Arteriovenous malformation of the neck: An unusual cause of hoarseness successfully treated with endovascular techniques

October 23, 2013
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Hoarseness is a common presenting symptom in patients referred to the otolaryngology clinic. An arteriovenous malformation (AVM) in the neck is a previously unreported cause of hoarseness. We describe the case of a 61-year-old woman who presented with hoarseness and vocal fold paralysis, which was caused by an AVM. She was successfully treated with endovascular embolization. Devascularization of the AVM resulted in symptomatic relief of the hoarseness and resolution of the vocal fold paralysis, presumably secondary to interval reduction in edema and venous congestion.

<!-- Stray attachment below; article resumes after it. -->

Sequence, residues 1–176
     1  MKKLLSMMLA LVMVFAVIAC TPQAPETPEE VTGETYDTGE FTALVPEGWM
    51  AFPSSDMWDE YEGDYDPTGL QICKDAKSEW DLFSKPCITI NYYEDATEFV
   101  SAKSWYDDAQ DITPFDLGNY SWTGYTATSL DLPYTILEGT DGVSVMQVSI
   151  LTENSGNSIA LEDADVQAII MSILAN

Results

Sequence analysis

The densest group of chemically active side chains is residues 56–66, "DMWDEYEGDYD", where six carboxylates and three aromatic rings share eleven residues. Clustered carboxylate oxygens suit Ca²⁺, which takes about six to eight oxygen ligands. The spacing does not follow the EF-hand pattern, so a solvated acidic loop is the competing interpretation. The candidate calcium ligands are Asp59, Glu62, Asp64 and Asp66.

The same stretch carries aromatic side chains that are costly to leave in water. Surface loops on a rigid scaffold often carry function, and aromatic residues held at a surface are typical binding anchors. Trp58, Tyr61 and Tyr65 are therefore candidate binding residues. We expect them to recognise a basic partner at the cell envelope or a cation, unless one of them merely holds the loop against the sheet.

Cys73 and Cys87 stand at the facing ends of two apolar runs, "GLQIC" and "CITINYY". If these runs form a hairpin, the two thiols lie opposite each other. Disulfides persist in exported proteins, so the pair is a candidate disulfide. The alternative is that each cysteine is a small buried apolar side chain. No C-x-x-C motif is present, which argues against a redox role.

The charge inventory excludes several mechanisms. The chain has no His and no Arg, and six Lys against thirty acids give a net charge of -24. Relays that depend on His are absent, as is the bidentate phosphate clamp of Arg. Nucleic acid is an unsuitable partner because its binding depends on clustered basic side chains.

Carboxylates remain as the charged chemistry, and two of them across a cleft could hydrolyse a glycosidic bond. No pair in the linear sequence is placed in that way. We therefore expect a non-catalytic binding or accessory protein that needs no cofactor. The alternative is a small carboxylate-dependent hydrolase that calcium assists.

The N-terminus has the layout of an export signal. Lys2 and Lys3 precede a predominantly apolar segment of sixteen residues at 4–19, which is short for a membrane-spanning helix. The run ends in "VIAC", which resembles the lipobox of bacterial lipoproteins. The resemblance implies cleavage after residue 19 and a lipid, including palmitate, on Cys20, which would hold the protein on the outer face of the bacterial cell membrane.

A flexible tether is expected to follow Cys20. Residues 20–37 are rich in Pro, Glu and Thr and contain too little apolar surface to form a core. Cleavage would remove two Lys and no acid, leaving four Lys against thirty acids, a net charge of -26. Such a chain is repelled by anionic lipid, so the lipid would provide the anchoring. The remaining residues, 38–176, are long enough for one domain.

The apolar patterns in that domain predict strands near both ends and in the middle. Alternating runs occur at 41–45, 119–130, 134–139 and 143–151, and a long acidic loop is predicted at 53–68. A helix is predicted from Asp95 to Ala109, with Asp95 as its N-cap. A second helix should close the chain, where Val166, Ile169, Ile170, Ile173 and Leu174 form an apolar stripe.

Hoarseness is a common clinical presentation in middle-aged to elderly patients. Its most common causes are acute laryngitis, overuse or misuse of the voice, and malignancies. Surgical treatment of an arteriovenous malformation (AVM) is fraught with technical difficulties, and significant morbidity is possible secondary to uncontrolled hemorrhage. Endovascular treatment with alcohol and/or liquid embolic agents is the preferred method of management of these lesions.1

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